[Note: I am quoted in one of the articles below, so this may be construed as blatant self-promotion]
Spiegel-Online reporter Hermann Horstkotte reports on a professor of Slavic Studies at the University of Bonn who has been as harshly reprimanded as possible for publishing a paper from a student as his own back in 2001. For some strange reason he hired this student a few years after her graduation, and when she saw her own text on Danill Charms published in his name in a book published in honor of a colleague, she saw red and informed the university ombud for good scientific practice.
The university has taken away his privileges - he may no longer examine students, spend money (he'll have to run to the dean for every pencil he needs), or hire people. Since he only has a few years until retirement, this is practically early retirement with full pay, a rather bizarre punishment, but it makes sense within the German system of professorships, where a tenured professor cannot be fired short of being found guilty of committing a crime so bad the sentence is for 90 days or more of jail.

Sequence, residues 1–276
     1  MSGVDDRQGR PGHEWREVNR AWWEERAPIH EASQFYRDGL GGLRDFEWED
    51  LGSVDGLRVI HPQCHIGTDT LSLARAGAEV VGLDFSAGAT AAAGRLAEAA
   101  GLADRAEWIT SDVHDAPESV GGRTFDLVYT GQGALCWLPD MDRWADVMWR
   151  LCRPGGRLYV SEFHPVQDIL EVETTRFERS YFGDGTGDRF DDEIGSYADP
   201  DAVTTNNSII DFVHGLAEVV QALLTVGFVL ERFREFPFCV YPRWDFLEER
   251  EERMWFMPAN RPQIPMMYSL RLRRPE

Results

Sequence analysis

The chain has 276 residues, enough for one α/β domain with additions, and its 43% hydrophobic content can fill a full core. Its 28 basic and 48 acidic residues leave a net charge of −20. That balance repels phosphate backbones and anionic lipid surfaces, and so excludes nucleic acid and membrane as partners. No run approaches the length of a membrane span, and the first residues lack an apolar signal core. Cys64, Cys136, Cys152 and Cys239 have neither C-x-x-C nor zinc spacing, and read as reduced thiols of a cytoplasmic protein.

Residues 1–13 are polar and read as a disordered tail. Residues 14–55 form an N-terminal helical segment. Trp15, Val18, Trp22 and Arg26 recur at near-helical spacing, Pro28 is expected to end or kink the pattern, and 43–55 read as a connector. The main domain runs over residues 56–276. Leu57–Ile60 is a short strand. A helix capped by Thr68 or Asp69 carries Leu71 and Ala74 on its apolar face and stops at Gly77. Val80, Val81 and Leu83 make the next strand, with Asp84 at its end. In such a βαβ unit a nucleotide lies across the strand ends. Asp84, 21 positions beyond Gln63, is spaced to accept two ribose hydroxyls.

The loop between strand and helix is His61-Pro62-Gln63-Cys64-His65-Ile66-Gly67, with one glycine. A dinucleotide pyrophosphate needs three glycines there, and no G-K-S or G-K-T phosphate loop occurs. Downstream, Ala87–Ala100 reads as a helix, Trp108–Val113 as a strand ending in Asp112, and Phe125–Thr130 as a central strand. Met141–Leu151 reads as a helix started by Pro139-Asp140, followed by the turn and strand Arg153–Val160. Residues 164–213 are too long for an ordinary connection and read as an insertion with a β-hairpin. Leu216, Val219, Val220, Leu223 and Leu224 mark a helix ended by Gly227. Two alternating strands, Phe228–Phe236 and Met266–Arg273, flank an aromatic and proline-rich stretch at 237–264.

It takes just one Google search to find his name, and to find 260 publications listed. How many of them are plagiarisms, just this one? Why would someone in such a position do such a thing?
Horstkotte also has an article in the Rheinischer Merkur entitled "Sinners in Professoral Robes" (German professors used to wear robes up until the end of the 60s) in which he goes over a number of the juicier stories to hit the light of day in the past year or so. He quotes the organization of university professors in Germany, Deutschen Hochschulverband, insisting that cases involving ethics problems and dishonesty be publicly discussed. They promise to name names and to publicly denounce members who do not conduct themselves properly. It is to be hoped that this might actually happen, but don't hold your breath. In Germany there is a veil of secrecy wrapped around most of the cases of dishonesty that I have encountered in the past 6-7 years.